Mobile malware and targeted attacks are among the biggest problems facing end users and administrators in the coming year, according to the latest Threat Predictions report from M86 Security.
The company said that attacks on social networking services will combine with targeted operations and mobile threats to represent the top security risks in the next 12 months.
The success of high-profile targeted attacks such as Stuxnet and the Anonymous-backed AntiSec operations have shown just how effective a targeted attack can be, the report said.
M86 also predicted that social networking services will continue to be fertile ground for malicious activity.
Bradley Anstis, vice president of technical strategy at M86, told V3 that people's familiarity with friends and contacts on social networking sites dramatically increases the success rate of malicious activity such as click-jacking and photo-tagging operations.
"The biggest problem is that the average user's suspicion level is far lower [on a social site] than when they are just browsing on the internet," he said.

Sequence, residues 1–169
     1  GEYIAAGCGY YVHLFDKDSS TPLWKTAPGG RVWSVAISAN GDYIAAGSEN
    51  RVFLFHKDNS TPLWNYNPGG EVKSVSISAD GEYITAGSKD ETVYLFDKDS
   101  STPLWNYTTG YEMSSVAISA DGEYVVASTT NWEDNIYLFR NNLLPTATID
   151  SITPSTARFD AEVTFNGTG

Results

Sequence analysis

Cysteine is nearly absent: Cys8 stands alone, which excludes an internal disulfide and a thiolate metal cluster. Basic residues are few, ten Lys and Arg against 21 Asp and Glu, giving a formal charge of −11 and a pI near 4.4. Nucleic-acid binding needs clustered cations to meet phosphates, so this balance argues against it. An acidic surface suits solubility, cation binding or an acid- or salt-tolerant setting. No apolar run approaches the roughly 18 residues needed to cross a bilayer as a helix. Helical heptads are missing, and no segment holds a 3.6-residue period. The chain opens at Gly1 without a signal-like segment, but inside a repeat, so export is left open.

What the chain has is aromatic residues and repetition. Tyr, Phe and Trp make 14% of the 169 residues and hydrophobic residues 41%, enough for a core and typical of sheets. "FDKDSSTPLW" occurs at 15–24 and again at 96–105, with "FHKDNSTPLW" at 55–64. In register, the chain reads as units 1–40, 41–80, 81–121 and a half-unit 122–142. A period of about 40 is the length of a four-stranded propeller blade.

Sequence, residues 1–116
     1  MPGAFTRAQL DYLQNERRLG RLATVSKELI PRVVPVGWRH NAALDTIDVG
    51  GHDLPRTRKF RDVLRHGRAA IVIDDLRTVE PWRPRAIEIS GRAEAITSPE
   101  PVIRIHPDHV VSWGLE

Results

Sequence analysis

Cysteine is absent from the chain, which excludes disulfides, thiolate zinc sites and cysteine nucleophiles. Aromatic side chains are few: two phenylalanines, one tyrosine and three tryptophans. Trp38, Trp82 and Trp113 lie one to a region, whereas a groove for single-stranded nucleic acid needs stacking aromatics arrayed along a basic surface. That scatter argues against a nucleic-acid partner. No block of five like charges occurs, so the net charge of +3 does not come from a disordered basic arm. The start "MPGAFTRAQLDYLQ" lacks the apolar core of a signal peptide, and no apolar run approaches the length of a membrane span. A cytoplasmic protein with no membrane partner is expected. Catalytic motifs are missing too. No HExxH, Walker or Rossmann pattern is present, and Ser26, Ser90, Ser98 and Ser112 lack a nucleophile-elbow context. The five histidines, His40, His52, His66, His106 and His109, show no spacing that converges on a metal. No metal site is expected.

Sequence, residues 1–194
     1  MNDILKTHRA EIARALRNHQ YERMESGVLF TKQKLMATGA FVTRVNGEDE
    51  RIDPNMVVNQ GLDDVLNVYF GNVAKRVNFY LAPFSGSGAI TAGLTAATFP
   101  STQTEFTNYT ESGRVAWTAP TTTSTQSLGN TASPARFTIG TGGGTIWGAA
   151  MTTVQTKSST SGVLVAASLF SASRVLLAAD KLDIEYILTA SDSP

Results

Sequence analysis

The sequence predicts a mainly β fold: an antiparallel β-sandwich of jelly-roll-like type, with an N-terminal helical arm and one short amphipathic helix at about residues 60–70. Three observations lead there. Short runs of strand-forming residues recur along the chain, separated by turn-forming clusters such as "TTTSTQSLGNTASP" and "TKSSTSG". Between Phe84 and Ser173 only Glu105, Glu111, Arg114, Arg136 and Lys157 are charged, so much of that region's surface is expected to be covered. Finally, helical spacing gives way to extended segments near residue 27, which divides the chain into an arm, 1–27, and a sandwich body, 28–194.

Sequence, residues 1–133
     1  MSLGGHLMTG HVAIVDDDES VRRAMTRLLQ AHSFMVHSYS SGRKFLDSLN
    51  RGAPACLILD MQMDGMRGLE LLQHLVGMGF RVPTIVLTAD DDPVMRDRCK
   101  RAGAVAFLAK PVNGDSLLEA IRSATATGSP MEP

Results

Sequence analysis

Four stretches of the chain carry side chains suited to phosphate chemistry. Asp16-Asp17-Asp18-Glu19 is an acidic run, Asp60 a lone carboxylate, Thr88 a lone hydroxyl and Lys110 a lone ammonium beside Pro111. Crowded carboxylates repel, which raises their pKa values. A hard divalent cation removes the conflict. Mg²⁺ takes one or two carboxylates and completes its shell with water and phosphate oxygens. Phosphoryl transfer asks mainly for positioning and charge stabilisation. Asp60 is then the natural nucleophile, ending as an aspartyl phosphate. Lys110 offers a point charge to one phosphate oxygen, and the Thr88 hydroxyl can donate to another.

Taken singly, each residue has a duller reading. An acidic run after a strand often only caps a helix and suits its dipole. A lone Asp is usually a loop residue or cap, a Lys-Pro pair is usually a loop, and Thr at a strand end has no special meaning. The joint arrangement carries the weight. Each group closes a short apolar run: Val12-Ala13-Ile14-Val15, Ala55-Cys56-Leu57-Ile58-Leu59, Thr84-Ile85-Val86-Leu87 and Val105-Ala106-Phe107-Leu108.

"If someone is addicted to Facebook they spend a lot of time updating and following friends' links. They start doing it automatically."
The rise of botnet clients and banking Trojans, meanwhile, means that malware writers will step up efforts to attack mobile phones.
Other dangers predicted by M86 include a rise in the use of exploit kits, attacks surrounding the London Olympics, higher levels of malicious spam and the targeting of third-party software for malware infection.
Anstis warned that Java is a particularly worrisome component for enterprises owing to the need for extensive testing of patches prior to deployment.
"When you are updating Java Virtual Machines all the time you can break existing software, whereas if you update Adobe Flash it's pretty much impossible to break the existing environment. So your window of vulnerability is a lot larger with Java," he said.
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A survey of local authorities has found that they face challenges in the areas of data, compliance and mobility.
More than 800,000 home users could be affected